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Electronic Code of Federal Regulations

e-CFR Data is current as of April 17, 2014

Title 31: Money and Finance: Treasury
PART 1010—GENERAL PROVISIONS
Subpart C—Reports Required To Be Made


§1010.330   Reports relating to currency in excess of $10,000 received in a trade or business.

(a) Reporting requirement—(1) Reportable transactions—(i) In general. Any person (solely for purposes of section 5331 of title 31, United States Code and this section, “person” shall have the same meaning as under 26 U.S.C. 7701(a)(1)) who, in the course of a trade or business in which such person is engaged, receives currency in excess of $10,000 in 1 transaction (or 2 or more related transactions) shall, except as otherwise provided, make a report of information with respect to the receipt of currency. This section does not apply to amounts received in a transaction reported under 31 U.S.C. 5313 and §1010.311, §1010.313, §1020.315, §1021.311 or §1021.313 of this chapter.

(ii) Certain financial transactions. Section 6050I of title 26 of the United States Code requires persons to report information about financial transactions to the IRS, and 31 U.S.C. 5331 requires persons to report the same information to the Financial Crimes Enforcement Network. This information shall be reported on the same form as prescribed by the Secretary.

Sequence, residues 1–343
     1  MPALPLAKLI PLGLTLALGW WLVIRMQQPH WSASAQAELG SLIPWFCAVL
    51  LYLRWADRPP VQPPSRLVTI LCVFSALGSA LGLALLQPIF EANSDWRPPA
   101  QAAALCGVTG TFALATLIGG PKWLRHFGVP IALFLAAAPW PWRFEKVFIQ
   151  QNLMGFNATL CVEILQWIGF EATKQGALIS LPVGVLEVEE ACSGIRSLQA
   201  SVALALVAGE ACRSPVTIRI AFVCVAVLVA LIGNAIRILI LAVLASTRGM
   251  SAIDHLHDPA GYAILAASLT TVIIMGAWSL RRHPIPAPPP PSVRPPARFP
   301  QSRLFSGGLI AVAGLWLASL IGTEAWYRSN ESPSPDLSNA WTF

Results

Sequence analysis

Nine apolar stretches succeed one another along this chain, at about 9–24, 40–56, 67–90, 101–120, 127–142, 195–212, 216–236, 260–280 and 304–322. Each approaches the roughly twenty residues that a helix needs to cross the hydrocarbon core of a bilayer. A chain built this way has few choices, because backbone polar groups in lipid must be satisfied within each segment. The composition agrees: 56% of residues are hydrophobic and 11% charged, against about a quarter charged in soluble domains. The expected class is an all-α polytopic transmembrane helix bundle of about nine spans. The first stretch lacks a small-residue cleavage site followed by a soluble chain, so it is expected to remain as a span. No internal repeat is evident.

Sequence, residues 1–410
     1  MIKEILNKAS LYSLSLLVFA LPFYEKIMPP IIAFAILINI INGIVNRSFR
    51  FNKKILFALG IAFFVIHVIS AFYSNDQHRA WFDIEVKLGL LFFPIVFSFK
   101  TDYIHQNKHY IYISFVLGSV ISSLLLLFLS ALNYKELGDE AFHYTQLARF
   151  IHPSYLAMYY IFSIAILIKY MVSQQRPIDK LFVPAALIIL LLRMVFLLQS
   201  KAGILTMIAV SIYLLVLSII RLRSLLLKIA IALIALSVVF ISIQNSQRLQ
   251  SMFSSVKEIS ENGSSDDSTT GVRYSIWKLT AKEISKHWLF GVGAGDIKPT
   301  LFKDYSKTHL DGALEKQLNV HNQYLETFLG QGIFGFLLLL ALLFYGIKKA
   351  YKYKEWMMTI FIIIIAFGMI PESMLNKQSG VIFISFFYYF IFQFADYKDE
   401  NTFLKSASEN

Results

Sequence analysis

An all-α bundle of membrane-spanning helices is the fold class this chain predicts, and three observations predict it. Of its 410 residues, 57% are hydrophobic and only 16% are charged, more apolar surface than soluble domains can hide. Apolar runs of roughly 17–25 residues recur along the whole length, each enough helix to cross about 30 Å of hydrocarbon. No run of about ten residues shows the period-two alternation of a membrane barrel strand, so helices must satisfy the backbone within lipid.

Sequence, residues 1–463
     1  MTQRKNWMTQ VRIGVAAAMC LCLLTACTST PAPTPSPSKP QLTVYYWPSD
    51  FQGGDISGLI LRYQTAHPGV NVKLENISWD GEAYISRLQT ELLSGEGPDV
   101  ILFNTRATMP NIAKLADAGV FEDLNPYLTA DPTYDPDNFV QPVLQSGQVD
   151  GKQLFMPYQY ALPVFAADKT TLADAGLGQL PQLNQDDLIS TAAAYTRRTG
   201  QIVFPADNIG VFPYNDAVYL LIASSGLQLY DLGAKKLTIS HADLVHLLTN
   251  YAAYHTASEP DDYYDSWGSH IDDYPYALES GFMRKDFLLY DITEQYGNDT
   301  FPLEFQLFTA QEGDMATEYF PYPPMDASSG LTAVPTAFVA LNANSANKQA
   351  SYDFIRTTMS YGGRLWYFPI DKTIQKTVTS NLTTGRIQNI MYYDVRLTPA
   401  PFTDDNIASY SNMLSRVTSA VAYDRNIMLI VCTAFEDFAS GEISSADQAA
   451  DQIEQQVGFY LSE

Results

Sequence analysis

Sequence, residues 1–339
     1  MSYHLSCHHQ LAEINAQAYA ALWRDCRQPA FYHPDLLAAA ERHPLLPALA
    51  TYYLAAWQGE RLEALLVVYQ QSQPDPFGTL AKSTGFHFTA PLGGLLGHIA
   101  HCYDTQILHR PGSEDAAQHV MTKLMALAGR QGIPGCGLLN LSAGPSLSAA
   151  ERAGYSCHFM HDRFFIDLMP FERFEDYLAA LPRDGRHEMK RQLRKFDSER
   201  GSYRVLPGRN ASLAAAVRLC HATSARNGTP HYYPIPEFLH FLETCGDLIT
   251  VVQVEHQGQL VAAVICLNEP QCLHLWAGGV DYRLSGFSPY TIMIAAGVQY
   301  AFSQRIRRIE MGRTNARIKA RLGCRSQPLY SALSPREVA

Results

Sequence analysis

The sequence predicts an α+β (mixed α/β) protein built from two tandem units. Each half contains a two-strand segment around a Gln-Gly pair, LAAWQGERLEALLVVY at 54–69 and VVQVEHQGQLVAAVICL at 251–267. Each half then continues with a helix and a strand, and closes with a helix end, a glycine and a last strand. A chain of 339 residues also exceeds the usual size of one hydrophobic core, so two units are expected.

(2) Currency received for the account of another. Currency in excess of $10,000 received by a person for the account of another must be reported under this section. Thus, for example, a person who collects delinquent accounts receivable for an automobile dealer must report with respect to the receipt of currency in excess of $10,000 from the collection of a particular account even though the proceeds of the collection are credited to the account of the automobile dealer (i.e., where the rights to the proceeds from the account are retained by the automobile dealer and the collection is made on a fee-for-service basis).

(3) Currency received by agents— (i) General rule. Except as provided in paragraph (a)(3)(ii) of this section, a person who in the course of a trade or business acts as an agent (or in some other similar capacity) and receives currency in excess of $10,000 from a principal must report the receipt of currency under this section.